For the elderly, “Older adults receiving the influenza vaccine may have a lower risk of influenza (from 6% to 2.4%), and probably have a lower risk of ILI compared with those who do not receive a vaccination over the course of a single influenza season (from 6% to 3.5%). We are uncertain how big a difference these vaccines will make across different seasons. Very few deaths occurred, and no data on hospitalisation were reported.”
In other words— flu shots WOULD benefit from more randomization. We know nearly nothing about more important endpoints such as hospitalization or transmission dynamics. These can include trials early in the season— and can occur alongside implementation. Pragmatic design where tens of thousands of people are continually randomized till endpoint is met, or even…
Randomized trials of deployment similar to this proposal.
Challenge trials— aka Randomized studies— could also be performed.
In the absence of randomized trials, we rely on test negative case control studies to assess flu vaccine efficacy, which is the CDC’s preferred method. In my opinion, this method exaggerates effectiveness over RCTs, but to prove this claim (or the counterclaim— that it is accurate) one has to compare this method to concurrent RCTs, which has not been done. Here is the CDC’s VE from flu shots. Ranging from 10% to 60%.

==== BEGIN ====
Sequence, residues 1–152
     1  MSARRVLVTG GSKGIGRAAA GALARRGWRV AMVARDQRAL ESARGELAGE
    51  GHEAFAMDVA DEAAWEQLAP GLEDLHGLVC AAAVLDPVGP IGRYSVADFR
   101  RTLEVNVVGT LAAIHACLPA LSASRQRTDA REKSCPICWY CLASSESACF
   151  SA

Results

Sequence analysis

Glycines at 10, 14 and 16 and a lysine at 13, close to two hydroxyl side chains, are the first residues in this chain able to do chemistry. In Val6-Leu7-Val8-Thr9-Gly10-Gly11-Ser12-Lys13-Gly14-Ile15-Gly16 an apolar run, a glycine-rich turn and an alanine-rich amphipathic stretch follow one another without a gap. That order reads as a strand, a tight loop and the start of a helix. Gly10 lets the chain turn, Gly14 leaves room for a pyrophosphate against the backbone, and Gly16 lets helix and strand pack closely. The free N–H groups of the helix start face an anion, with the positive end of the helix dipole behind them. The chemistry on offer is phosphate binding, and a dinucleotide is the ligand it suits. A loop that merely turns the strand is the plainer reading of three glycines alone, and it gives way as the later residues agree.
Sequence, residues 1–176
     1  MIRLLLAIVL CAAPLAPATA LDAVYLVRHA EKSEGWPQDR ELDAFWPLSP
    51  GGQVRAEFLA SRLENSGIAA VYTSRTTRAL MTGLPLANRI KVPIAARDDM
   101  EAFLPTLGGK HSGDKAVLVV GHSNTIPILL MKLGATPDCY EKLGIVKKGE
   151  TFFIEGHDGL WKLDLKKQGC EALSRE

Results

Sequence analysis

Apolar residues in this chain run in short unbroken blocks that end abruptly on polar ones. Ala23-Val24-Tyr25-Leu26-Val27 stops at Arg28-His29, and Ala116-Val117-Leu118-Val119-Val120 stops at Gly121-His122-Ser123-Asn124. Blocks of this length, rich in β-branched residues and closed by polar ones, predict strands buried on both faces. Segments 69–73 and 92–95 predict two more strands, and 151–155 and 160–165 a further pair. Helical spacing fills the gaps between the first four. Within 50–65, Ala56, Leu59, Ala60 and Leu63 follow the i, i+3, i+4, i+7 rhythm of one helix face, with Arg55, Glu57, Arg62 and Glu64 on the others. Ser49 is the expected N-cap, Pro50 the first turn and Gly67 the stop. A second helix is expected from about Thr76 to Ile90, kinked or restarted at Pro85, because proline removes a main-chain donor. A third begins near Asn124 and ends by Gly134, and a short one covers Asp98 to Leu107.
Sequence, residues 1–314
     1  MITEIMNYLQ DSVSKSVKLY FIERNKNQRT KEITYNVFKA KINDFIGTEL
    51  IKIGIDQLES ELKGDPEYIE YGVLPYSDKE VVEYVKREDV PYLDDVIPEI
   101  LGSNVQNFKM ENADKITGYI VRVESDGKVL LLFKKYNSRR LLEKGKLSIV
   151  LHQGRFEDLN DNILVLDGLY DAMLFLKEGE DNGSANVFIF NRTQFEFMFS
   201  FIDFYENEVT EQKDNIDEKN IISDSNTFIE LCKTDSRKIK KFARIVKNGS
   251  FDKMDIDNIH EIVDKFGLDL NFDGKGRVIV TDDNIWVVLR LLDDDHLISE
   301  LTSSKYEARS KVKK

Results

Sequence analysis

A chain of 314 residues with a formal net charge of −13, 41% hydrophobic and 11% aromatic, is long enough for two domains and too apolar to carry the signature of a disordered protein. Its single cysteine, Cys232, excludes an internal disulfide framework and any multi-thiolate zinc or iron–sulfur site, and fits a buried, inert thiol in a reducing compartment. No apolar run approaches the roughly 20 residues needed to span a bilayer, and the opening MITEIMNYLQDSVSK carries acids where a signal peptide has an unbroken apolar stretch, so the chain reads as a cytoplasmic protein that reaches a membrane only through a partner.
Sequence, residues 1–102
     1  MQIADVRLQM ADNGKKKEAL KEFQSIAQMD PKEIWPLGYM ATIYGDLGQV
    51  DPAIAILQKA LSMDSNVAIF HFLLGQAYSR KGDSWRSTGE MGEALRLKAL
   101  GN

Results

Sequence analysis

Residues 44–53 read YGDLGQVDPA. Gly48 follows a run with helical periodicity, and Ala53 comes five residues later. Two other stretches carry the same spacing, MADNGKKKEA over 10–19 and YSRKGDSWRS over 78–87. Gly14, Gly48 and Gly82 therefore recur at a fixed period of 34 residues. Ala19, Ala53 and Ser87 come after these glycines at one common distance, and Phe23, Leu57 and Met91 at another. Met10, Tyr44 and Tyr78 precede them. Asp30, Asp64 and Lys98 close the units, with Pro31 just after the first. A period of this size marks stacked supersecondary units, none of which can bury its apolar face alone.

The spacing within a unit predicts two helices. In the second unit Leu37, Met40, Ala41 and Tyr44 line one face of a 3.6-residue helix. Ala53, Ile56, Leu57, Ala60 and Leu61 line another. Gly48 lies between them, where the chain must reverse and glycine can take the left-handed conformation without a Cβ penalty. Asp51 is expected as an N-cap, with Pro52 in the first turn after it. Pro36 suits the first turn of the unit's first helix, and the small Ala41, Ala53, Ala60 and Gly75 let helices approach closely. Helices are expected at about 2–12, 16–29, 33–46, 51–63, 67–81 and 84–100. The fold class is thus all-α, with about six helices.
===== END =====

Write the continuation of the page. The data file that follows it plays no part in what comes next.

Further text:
These numbers are low, and this suggests immediately that each season a multi-arm RCT can be conducted of different vaccine formations and control arm, and the winner could be advanced. The entire idea of one shot prior to the season may be suboptimal— even if flu shots work, why not have several candidates and pick the best one?
Putting this all together, I agree with the attached essay by Doshi. I think there is little justification for mandatory HCW vaccination. I do not push influenza vaccines in young, healthy people. Vaccinating children 6mo-2yo has particularly low credibility data.
Dozens of RCTs are needed, and in the absence, Doshi’s concerns— articulated in the BMJ 10 years ago— are salient. Many doctors I know decline the annual flu shot if that is an option. I suspect this is under discussed due to the nature of the subject. I attach the full PDF for those interested.